(i) C is a multiple of 4 - This means the integer will be divisible by 4. (We will have: odd X multiple of 4 X odd)
(ii) C is not a multiple of 4- This means the integer will NOT be divisible by 4. (We will have: odd X non multiple of 4 X odd)

b) C is odd. two numbers (c-1 and c+1) are divisible by 2 and therefore the set is divisble by 4.

Now the total numbers in the set are 80 (not 79, since 20 and 99 are included). The number of possibilities for C are
(a) (i) --> 99/4 - 19/4 = 24 -4 = 20
(a) (ii) --> 99/2 - 19/2 = 49 -9 = 40; reduce 20 from (a)(i) ==> 20
(b) --> 100/2 - 20/2 = 50 -10 = 40

Sum of (a) (i) + (a) (ii) + (b) --> 20+20+40 = 80 (80 is the total number of numbers between 20 and 99, this means we have considered all possibilities :))

Favourable outcomes above (a) (i) + (b) = 60

Therefore probability = 60/80 or 3/4

Answer = C
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If integer C is randomly selected from 20 to 99, inclusive.  [#permalink]

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New post 28 Jun 2015, 05:10
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matvan wrote:
shashankp27 wrote:
If integer C is randomly selected from 20 to 99, inclusive. What is the probability that C^3 - C is divisible by 12 ?

A. 1/2
B. 2/3
C. 3/4
D. 4/5
E. 1/3

The answer is C
My solution is longer, time consuming.
The given expression is (c-1) c (c+1), product of three consecutive integer and it is always divisible by 6. However, we have to find whether this is divisible by 12. we need an additional factor of 2.
I used the induction method. When c is 22, 26, 30 and so on up to 98, it is not possible.
There are 20 such values. Therefore, the answer 60/80, which is 3/4.
If anybody has a crisp solution please....


Where I say that induction method is the soul of Math's we should not forget that Induction methods with a little bit of Observation is the finest way to solve the question.

The key is "To question how and when will (c-1) c (c+1) be divisible by 12"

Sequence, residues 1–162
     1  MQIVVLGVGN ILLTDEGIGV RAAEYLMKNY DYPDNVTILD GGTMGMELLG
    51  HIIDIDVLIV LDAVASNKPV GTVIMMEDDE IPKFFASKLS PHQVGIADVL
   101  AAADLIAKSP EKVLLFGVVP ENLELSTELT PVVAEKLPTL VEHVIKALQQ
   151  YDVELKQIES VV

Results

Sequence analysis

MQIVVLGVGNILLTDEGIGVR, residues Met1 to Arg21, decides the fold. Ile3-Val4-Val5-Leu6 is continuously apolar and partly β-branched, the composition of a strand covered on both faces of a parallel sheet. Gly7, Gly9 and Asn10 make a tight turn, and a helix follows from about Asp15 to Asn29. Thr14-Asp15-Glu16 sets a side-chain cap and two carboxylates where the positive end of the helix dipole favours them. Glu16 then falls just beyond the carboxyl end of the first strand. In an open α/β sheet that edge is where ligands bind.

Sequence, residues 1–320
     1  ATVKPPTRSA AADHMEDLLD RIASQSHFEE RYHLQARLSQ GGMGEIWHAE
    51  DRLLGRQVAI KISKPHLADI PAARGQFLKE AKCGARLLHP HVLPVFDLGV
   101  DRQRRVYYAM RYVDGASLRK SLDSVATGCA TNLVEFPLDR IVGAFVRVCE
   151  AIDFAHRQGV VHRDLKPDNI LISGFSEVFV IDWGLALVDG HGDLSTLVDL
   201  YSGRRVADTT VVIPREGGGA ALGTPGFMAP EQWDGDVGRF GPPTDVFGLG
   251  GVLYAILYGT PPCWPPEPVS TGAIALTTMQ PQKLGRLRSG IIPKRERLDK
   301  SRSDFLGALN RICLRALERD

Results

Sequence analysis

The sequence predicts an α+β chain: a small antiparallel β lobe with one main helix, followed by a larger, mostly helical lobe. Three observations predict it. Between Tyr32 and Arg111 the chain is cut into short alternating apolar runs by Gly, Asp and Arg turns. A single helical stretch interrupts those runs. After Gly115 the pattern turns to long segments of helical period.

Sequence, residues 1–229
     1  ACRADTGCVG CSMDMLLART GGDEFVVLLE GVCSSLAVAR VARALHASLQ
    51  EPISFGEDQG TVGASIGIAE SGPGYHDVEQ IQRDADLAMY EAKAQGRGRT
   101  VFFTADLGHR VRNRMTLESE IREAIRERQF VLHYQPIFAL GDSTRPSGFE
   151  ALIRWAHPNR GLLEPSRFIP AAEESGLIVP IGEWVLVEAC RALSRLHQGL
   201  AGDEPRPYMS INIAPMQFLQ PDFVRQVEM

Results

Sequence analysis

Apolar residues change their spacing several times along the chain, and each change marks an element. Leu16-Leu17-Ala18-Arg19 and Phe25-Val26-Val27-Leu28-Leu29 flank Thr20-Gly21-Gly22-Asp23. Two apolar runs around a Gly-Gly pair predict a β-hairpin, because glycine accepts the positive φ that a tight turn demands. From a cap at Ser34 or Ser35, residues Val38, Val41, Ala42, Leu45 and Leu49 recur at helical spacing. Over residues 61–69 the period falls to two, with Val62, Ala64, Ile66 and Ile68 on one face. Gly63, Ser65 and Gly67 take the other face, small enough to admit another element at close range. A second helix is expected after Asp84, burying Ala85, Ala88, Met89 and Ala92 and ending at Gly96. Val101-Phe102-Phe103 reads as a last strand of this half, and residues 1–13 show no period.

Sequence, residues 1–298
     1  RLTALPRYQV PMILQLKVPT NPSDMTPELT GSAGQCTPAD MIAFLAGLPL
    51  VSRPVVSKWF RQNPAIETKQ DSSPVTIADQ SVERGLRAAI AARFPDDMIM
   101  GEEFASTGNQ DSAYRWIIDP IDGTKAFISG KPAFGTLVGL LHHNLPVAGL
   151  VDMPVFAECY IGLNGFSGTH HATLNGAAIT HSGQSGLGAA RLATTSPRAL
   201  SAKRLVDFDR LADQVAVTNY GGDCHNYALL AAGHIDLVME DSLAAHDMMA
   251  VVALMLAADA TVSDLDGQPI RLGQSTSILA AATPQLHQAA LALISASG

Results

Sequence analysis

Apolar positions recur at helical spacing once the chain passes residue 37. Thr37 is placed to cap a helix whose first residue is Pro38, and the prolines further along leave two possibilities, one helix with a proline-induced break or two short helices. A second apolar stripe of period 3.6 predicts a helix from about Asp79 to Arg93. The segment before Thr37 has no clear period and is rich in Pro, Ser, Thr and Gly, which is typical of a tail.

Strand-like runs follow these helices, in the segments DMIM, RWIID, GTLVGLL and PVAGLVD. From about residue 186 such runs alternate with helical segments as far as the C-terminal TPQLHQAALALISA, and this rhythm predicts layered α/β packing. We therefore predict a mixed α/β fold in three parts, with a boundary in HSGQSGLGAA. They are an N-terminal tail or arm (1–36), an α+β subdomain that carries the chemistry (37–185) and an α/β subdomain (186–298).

12 = 4*3

i.e. (c-1) c (c+1) will be divisible by 12 if it's divisible by 4 as well by 3

in order to make sure that this is divisible by 4

1) either (c-1) should be divisible by 2 so that (c+1) is also even and their product is divisible by 4 i.e. (c-1) can b any even number from 20 through 99 = (98/2)-(18/2) = 49-9 = 40 cases

2) or if (c-1) is odd then (c+1)will also be odd i.e. c must be the multiple of 4 itself i.e. c can be any multiple of 4 from 20 though 99 = (99/4)-(19/4) = 24-4 = 20 cases

Total favorable cases = 40 + 20 = 60

Hence, Probability = 60/80 = 3/4

I hope this helps!
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Re: If integer C is randomly selected from 20 to 99, inclusive.  [#permalink]

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New post 11 Oct 2014, 13:15
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GuptaDarsh wrote:
Bunuel : I am finding these type of question difficult to understand ..
Can you please simplify a bit more ..explaining how we determine the cases in which the given number is a multiple of the given divisor... please


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Re: If integer C is randomly selected from 20 to 99, inclusive.  [#permalink]

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New post 07 Mar 2017, 17:44
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If integer C is randomly selected from 20 to 99, inclusive. What is the probability that C^3 - C is divisible by 12 ?

A. 1/2
B. 2/3
C. 3/4
D. 4/5
E. 1/3


We are given that an integer C is to be chosen at random from the integers 20 to 99 inclusive, and we need to determine the probability that C3 – C will be divisible by 12.